Youth and identity politics figure prominently in this provocative study of personal and collective memory in Madagascar. A deeply nuanced ethnography of historical consciousness, it challenges many cross-cultural investigations of youth, for its key actors are not adults but schoolchildren. Lesley Sharp refutes dominant assumptions that African children are the helpless victims of postcolonial crises, incapable of organized, sustained collective thought or action.
She insists instead on the political agency of Malagasy youth who, as they decipher their current predicament, offer potent, historicized critiques of colonial violence, nationalist resistance, foreign mass media, and schoolyard survival. Sharp asserts that autobiography and national history are inextricably linked and therefore must be read in tandem, a process that exposes how political consciousness is forged in the classroom, within the home, and on the street in Madagascar.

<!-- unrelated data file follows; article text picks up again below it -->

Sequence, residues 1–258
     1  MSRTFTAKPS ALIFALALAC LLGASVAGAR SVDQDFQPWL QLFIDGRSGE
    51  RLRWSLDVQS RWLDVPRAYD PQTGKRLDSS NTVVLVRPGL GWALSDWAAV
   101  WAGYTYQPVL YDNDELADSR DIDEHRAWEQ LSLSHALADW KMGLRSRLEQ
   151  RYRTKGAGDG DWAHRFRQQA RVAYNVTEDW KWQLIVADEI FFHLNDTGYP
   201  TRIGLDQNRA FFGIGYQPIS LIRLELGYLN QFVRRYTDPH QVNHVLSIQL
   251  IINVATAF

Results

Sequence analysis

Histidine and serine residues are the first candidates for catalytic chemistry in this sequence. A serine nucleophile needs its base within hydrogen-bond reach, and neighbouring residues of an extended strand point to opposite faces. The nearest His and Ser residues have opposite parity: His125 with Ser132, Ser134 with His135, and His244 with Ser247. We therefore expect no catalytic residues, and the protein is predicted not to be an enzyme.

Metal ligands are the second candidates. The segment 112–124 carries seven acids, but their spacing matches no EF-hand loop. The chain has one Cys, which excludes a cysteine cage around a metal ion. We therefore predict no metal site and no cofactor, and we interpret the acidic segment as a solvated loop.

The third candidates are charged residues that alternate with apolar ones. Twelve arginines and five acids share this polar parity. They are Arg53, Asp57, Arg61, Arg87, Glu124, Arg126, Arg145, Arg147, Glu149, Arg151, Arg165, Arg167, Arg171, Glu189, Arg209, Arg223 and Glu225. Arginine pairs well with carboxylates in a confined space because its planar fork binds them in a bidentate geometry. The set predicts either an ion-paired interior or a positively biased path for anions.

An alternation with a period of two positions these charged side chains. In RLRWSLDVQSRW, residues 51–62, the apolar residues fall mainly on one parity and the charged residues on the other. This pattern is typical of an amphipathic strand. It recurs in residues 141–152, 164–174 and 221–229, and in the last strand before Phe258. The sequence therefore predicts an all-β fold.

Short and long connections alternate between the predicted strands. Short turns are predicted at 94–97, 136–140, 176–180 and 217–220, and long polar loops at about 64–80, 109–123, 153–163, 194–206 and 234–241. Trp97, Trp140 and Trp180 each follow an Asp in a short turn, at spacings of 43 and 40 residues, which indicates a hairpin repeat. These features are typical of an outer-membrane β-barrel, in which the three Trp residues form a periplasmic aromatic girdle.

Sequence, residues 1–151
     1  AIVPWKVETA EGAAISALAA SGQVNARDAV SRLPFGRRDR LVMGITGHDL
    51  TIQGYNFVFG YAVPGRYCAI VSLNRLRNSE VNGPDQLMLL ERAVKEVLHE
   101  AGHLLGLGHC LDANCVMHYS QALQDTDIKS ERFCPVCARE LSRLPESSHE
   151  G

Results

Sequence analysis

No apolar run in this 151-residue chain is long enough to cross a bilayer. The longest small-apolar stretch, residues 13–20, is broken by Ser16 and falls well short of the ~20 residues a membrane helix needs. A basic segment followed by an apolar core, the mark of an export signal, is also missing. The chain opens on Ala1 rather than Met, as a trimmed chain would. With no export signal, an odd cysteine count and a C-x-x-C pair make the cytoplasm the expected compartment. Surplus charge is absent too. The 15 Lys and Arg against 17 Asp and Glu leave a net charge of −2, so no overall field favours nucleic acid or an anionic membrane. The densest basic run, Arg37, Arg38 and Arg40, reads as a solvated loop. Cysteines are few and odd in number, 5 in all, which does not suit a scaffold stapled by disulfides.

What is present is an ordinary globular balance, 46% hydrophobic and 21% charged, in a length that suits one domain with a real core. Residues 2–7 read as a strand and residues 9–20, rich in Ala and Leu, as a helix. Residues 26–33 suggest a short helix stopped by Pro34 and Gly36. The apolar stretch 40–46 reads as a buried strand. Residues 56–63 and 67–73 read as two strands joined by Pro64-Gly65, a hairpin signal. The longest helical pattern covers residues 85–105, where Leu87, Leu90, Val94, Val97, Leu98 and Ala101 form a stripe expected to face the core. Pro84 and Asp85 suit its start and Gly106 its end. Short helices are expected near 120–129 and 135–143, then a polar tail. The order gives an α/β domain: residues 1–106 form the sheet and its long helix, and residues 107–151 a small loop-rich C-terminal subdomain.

Keywords: Critical pedagogy
"This fascinating study, grounded in vivid depictions of local life, relates to larger questions about the postcolonial exercise of political and economic power, when ostensibly sovereign states such as Madagascar are so profoundly controlled by international organizations unattached to any particular state. Sharp asks how young people in these radically changing circumstances are taught and teach themselves to understand their past, present and future."--Gillian Feeley-Harnik, author of A Green Estate"Sharp's work is in the best tradition of classic anthropology, extending the critiques of Fanon, Mannoni, Memmi, and Freire by examining the effects of the socialist revolution, the birth of Malagasy nationalism, and the imposition of a postcolonial pedagogy on the minds of the 'sacrificed generation.' Her detailed ethnography is superb."--Nancy Scheper-Hughes, author of Death without Weeping
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